KC police, firefighters finally reined in
The Kansas City Star
All of a sudden three of Kansas City’s most powerful public officials are supporting a taxpayer-friendly goal long needed: reining in the city’s public safety agencies.
Both Mayor Sly James and City Manager Troy Schulte boldly say the Fire Department can safely manage a 6 percent budget cut of $7.6 million.
And both men, plus Chief Darryl Forte, say it’s time for the police to finally join a unified health insurance plan with City Hall.
Bully for them. Reducing the bloated firefighting staff and trimming the police personnnel’s generous health care plan are practical and long-needed actions. Neither change would threaten public safety. Both are in sync with benefits provided other city workers.
The announcements by James, Schulte and Forte helped draw throngs of concerned firefighters and police officers to City Council meetings last week. After all, this is a sea-change from recent years, when Fire Chief Smokey Dyer constantly defended the largesse of his agency and former Police Chief Jim Corwin fended off cooperating wih City Hall on insurance and consolidation of other functions.
Now look what’s happening.
Forte has released a statement indicating he’s on board with resolving the health insurance matter, saying, “Our common goal, at both police headquarters and City Hall, is to make Kansas City the safest community in America.”
That prompted an irate response from the Fraternal Order of Police, which noted, “Sadly, the department and the city, in what appears to be a political power play, have chosen to issue this public announcement prematurely without first negotiating with the FOP.”
Over at the Fire Department, Dyer didn’t endorse Schulte’s original plan to cut the firefighting force by 105 people. But given James’ backing of controlling costs for the agency, Dyer was “developing an alternative plan” this week on how to trim fire funds, according to Schulte. That’s positive.
In his budget message last week, James made a powerful point I’ve hoped to hear for years: Kansas City can’t continue cutting its other basic services while leaving public safety pretty much alone.
James said the city had added 677 cops, firefighters and ambulance personnel since 2000, while slashing 663 jobs in other departments. He wants to “enhance efficiencies in our public safety sector.”
Agreed. Now, will change really happen?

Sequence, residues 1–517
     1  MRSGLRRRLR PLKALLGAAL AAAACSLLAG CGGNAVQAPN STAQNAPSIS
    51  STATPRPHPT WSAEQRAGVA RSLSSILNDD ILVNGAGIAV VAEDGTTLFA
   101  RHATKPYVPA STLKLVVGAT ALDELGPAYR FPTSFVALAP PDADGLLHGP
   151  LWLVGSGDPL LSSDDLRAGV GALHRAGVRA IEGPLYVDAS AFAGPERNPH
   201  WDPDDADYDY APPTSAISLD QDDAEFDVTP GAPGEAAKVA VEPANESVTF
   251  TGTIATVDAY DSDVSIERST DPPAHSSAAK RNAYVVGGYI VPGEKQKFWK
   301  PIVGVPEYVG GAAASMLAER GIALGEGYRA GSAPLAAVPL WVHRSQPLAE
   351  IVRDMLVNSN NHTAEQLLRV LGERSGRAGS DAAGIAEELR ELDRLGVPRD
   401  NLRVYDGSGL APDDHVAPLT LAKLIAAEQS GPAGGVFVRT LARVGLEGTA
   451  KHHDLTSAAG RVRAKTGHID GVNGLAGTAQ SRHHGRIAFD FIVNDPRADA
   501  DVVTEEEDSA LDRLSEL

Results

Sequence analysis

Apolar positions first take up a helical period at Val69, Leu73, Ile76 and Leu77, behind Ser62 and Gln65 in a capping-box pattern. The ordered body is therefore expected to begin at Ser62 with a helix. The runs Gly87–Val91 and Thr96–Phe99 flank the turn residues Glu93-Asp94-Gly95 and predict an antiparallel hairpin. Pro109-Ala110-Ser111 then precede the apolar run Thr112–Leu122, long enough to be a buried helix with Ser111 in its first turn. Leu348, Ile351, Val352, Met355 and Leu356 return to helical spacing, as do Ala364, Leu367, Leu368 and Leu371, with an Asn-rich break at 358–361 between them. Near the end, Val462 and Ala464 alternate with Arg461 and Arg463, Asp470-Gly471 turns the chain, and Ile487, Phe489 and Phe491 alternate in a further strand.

The police force and fire union remain formidable powers in city government. They point out that citizen satisfaction surveys show high support for public safety. True: Kansas City’s 2011 survey showed 74 percent satisfaction with public safety. That’s well ahead of many other city services, but still below the national average of 75 percent.
Cops and firefighters don’t like the current talk of trims. Here are brief excerpts from emails to me and remarks on our Midwest Voices blog:
- Try being a cop: “Next time you hear a gunshot, run towards that shot and handle what you run into.”
And this: “The men and women of the KCPD who go out every day into our community not knowing if they will come home or not do not deserve to have negative opinions written about how lofty they have it.”
Cops are good people: “I didn’t decide to become a police officer to become rich or famous, but to give back and be able to say at the end of my life that I made a difference.”
Kansas City created its own fiscal problems: “KC would not have such dire financial needs if they had responsible rather than irresponsible government.”
Stop hating on public safety personnel: “At best, I’d say your statements are uneducated and misguided regarding the operations of these lines of work, and I’ve at times wondered if there is some deeper, personal grudge against cops or firefighters.”
Not so. In fact, the recent moves to consider changes to pensions, staffing and benefits doesn’t mean anyone — including the mayor, city manager and police chief — hates cops and firefighters.
They have incredibly tough and important jobs. But the costs of running their departments responsibly must be part of the overall budget review. The city can and must make judicious reductions that save money while still protecting public safety.
Reach Yael T. Abouhalkah at 816-234-4887 or email him at email@example.com. He appears on “Ruckus” at 7 tonight on KCPT, Channel 19.